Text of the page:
The overwhelm came from not knowing what to expect and being with over 150 people for almost 10 hours each day.  It’s been a while since I’ve hung out with a large group of people.

Fortunately, we did some good “get-to-know-each-other” exercises early on Saturday, so the introvert-overwhelm was easier to handle after I felt like I knew people better.

I think I’m going to learn a lot, both in my goal to be a life coach, and about myself.  And that makes me feel good.

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You know what’s easy? Not blogging.

You know what else is easy? Starting to blog again.

Easy peasy.

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“Since you cann…

“Since you cannot do good to all, you are to pay special attention to those who, by the accidents of time, or place, or circumstances, are brought into closer connection with you.” -Augustine of Hippo

This is a quote that I try to live by.  

But one thing I believe: most of the time, it’s not an accident.

Are you paying attention?

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Stop it.

It’s time to stop.

Stop comparing yourself to other people.

I don’t care what you do, who you are, why you do it.  Just stop.

Comparing yourself to others only makes you feel bad. 


Compare yourself to yourself.  Improve on yourself.  Notice how far you’ve come from where you used to be, from WHO you used to be.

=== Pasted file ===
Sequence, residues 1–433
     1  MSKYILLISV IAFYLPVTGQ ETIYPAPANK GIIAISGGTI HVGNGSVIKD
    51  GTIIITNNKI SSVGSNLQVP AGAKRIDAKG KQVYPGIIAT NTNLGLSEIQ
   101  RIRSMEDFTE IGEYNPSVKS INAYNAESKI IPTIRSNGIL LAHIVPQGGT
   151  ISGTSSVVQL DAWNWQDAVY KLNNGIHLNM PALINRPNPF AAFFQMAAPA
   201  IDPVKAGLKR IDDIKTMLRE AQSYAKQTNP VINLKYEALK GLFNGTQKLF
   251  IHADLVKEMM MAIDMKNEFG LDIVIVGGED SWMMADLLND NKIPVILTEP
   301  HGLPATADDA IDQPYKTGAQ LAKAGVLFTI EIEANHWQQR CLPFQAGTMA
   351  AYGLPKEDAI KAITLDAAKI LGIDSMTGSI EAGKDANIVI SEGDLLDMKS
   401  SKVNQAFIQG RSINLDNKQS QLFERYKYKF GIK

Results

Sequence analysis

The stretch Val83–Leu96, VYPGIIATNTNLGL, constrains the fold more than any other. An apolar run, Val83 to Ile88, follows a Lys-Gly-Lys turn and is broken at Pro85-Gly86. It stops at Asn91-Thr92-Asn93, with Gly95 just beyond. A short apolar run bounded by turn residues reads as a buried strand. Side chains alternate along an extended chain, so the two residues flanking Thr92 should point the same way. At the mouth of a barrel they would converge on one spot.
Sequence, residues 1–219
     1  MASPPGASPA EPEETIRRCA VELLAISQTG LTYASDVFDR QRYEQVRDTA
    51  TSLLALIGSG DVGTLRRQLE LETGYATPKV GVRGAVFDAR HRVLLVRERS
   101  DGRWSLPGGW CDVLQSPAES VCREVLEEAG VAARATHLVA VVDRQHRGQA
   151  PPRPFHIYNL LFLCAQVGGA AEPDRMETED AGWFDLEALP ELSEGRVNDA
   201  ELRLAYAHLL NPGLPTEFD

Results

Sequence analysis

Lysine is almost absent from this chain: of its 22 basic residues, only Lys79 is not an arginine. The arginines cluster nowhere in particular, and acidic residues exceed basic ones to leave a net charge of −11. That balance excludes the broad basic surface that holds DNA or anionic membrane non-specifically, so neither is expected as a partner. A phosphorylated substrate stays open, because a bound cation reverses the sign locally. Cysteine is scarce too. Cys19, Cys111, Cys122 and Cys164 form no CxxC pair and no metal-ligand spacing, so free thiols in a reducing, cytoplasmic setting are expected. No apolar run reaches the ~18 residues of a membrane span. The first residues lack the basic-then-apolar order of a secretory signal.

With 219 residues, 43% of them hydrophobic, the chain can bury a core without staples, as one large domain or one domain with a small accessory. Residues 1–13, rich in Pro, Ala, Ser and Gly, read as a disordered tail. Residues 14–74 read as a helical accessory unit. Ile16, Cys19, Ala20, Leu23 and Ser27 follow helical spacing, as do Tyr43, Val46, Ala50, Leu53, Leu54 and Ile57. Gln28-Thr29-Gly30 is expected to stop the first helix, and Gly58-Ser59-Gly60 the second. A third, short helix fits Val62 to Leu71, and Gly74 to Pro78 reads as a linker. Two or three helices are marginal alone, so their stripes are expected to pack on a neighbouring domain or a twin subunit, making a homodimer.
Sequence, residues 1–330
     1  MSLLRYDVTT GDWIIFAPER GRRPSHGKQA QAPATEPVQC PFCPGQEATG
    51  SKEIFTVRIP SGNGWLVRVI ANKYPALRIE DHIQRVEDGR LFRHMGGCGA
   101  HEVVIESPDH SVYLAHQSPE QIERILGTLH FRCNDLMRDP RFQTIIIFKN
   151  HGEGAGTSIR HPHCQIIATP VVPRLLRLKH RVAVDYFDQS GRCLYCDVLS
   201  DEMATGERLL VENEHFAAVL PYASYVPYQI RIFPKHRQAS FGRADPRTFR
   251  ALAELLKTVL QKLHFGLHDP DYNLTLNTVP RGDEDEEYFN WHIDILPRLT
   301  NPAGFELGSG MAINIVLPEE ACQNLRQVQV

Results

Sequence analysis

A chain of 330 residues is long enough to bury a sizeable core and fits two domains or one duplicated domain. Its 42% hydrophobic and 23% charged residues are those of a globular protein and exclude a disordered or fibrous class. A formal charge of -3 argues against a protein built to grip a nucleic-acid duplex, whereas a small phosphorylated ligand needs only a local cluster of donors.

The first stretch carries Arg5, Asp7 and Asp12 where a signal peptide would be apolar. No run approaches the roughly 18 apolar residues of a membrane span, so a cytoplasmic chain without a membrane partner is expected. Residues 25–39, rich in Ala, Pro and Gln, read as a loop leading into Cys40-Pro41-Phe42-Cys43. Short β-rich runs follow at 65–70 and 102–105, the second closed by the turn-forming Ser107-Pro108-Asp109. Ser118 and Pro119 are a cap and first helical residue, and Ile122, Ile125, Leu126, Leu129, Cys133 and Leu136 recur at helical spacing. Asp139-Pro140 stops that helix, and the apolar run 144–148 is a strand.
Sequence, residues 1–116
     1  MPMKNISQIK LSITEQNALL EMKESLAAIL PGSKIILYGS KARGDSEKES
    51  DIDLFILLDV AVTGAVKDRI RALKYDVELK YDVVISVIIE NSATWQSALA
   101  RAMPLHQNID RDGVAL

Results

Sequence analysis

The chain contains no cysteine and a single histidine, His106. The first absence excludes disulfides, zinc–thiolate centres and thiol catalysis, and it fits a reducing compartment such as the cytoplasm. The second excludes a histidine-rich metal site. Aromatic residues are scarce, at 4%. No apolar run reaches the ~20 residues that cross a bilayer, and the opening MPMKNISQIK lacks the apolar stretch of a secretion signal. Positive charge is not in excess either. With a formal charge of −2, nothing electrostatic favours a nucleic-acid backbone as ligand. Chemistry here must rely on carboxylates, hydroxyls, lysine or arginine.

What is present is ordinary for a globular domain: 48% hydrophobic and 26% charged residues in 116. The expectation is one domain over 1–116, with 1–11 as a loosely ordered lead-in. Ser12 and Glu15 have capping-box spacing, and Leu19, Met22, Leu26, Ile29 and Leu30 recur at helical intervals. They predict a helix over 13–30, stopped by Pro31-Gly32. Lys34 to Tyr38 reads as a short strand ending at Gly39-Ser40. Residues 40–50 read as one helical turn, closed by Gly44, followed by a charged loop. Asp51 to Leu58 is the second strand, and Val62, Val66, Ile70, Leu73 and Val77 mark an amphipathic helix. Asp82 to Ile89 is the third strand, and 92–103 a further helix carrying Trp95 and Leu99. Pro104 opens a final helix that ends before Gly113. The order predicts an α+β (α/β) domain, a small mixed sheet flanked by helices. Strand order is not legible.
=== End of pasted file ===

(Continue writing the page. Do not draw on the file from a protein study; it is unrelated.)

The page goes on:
Then use that as inspiration to become the YOU you want to be.  You’ll never be like anyone else, so stop trying.

Besides, we like you because you’re you.  Not because you’re better than someone else.  (Anyone* who claims differently is a jerk and doesn’t need to be in your life.)

Keep on rockin’.

*”Anyone” can refer to that jerk voice in your own head.  

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Changing the Odds

I got to attend a conference for the past two days about Changing the Odds for children.  It was really interesting and fun!  Lots of teachers and mental health workers attended, and we learned a lot about how to help children develop the skills and brains necessary to walk the path in front of them.

The biggest thing I took away from it was a reminder of a lesson I learned in Carol Dweck’s book, Mindset.  I highly recommend everyone read this book, especially if you work with children in any capacity.

I was reminded how important it is to try to instill in children (and ourselves) a growth mindset.  This is a way of thinking that encourages growing and learning, rather than giving up when you’re stuck (a trademark of a fixed mindset).  So, very simplified, a student with a fixed mindset would fail a math test and might say to themselves, “Well, I’m just bad in math.” And then they’d give up.  Someone with a growth mindset would fail the same test, but their self-talk would be more along the lines of, “Ok, I didn’t do well on that test.  Let me see what I can do to learn the material better and improve.”

I know I can get in the fixed mindset, especially around health and exercise.  Because eating healthy and exercising regularly really is hard work!  It’s hard work, and the idea that someday it might be easy isn’t helpful, because it won’t get easy.  It might get easiER, but it still won’t be as easy as going to a fast food restaurant and eating junk food.

So I’m going to use one of the tips they gave us at the conference, which is the word “yet.”  When I feel like I’m not healthy, or I can’t do it, or I’m not a good exerciser, or anything like that, I’ll just say “YET!” to remind myself that I can always improve.  “I’m not healthy, YET!”  “I’m not a good exerciser, YET!”  

Even though it’s hard, the more I do it and the more I try, the more I build those connections in my brain that make it easier, and that make it more of a habit.

That’s the goal!